Burger King shadows are only a memory
Fast-food chain Burger King, whose current ad campaign uses the songs
and symbols of American pop culture to promote its sandwich brands, took
a jab at the "Shadows" diamond commercials with a prime-time TV
ad in April.
The tongue-in-cheek spot opened with sleek shadows of a couple dancing
to violin music in the background, reminiscent of long-running De Beers
commercials by ad agency J. Walter Thompson. At the ad's climax, the man
presents a box to his gasping girlfriend and opens it to reveal a
Burger King chicken sandwich.
While the ad was testament to consumers' awareness of the diamond campaign,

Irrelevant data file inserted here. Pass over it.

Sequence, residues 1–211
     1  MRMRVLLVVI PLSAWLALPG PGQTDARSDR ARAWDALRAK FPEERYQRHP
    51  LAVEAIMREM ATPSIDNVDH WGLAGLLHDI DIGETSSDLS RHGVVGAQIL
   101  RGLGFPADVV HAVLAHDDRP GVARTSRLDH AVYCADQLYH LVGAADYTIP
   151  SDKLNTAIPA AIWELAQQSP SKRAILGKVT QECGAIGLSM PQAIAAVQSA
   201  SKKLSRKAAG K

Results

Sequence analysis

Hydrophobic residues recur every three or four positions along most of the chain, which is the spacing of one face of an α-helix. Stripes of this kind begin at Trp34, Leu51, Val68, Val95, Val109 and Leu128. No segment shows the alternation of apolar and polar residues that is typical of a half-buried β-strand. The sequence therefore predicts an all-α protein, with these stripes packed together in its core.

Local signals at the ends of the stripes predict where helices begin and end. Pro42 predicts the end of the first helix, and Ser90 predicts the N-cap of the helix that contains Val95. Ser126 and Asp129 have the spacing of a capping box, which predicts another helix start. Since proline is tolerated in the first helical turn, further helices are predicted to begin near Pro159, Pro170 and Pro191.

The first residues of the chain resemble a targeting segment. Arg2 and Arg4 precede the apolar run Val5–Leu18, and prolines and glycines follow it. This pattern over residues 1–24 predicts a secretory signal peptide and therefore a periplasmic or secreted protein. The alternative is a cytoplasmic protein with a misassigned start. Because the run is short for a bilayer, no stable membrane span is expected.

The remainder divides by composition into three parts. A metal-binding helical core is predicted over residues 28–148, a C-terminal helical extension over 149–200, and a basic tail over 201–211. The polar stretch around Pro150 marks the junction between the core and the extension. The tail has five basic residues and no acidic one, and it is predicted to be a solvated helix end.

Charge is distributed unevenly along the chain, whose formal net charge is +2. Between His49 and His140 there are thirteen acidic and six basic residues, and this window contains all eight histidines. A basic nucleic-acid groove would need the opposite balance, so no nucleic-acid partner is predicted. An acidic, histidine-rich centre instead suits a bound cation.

it also may have come close to an infringement of trade dress, the legal
protection of a company's established promotional symbols. A Burger King
spokesperson says the ads ran without interruption for their scheduled three-week
"flight," but at their finale guardians of the De Beers name breathed
a sigh of relief.
"We are pleased to see that the commercials are no longer on the
air," says Joan Parker, director of the Diamond Information Center,
the consumer marketing arm of J. Walter Thompson. Parker would not comment
on whether the ad agency asked Burger King to pull the ads.
- by Stacey King
Copyright © 1998 by Bond Communications.